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A wintery blast of wet and bitterly cold weather has thrown down more challenges for New Zealand gravity riders in tomorrow’s UCI Mountain Bike World Championships in Austria.

The weather cleared slightly for the timed practice runs after a day of rain but the weather remained extremely cold with new snow on the mountains surrounding the Leogang Bike Park in the Alps.

Three New Zealand elites were in the top 11 in the official time practice with Wanganui’s Sam Blenkinsop leading the way in 3m32.400s, followed by Brook MacDonald ninth in 3:33.084 and Cameron Cole 11th in 3:34.652. National champion Justin Leov, in his final Worlds before retirement, was 22nd and an injured George Brannigan, riding with damaged ribs, was 65th.

“The conditions were tough, very slippery with the mud turning quite sticky which made pedalling heavy and hard,” Cole said.

The 23-year-old Cole, the 2006 World Junior Champion, is facing a major test after a serious crash at last year’s World Champs sidelined him for six months.

“I didn’t get back on the bike until April and pretty much went straight back into the World Cup series and no time to prepare for each race,” the Lapierre International rider said. “It’s been good to have three weeks without racing to work on our bike and myself physically and mentally.

“I feel I am a lot better prepared for this race than I have been all year so I am excited.”

Blenkinsop, from Wanganui who also rides for Lapierre International, is the only Kiwi male downhiller to finish on a World Championship podium, finishing third at Champery last year.

Like Cole he has come back from a serious off-season injury with three top-10 World Cup finishes this year.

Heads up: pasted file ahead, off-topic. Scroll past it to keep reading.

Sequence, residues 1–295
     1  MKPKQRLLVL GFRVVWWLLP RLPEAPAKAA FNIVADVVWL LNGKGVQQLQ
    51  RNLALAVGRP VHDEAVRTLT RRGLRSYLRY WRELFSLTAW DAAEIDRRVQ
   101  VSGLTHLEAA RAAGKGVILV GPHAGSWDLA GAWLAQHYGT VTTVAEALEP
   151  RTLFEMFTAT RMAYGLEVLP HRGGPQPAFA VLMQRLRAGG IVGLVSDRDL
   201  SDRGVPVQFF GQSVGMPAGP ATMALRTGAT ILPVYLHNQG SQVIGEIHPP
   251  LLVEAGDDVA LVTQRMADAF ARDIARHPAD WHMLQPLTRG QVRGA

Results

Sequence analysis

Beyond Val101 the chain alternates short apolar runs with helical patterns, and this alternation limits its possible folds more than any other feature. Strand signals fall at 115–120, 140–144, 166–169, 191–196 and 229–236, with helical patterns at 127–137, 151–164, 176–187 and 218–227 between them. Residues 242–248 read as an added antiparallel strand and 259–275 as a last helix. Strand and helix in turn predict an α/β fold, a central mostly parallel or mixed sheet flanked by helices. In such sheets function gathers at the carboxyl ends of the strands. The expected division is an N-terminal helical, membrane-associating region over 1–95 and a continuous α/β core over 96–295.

“My form is pretty good although I have been struggling working on small things with the bike, so a bit of time off has been good to fine tune,” said Blenkinsop.

“I feel strong now and that I’ve done everything I can do to come into this race.

“The track is more hard packed than in previous years and with the rain it has made it more slick and harder. It will roughen up a little bit.

“The key is getting some good lines and then holding your speed in the flat sections. Everyone will be the same in the woods because it’s not really technical so whoever has the smoothest lines in the flat sections and can maintain speed will be the best.”

Australian Michael Hannah was fastest ahead of in-form Canadian Steve Smith with favourite Aaron Gwin (USA) fourth fastest.

Coatesville’s Sophie Tyas was eighth fastest in the junior women’s timed training run although that included a crash which broke her seat off and she is confident she can push for a podium in racing tomorrow.

Best of the junior men were Reece Potter (Nelson) in 27th and Louis Hamilton (Rotorua) in 33rd, although both said they rode within themselves with the tough conditions.

Auckland’s Sophie-Marie Bethell was 27th fastest while Nelson’s Veronique Sandler had a flat tyre to finish 32nd fastest in the elite women with both riders also taking the conservative approach in the wet and muddy conditions.

The racing for junior men and women starts at 9pm (NZ time) with elite women and elite men overnight.

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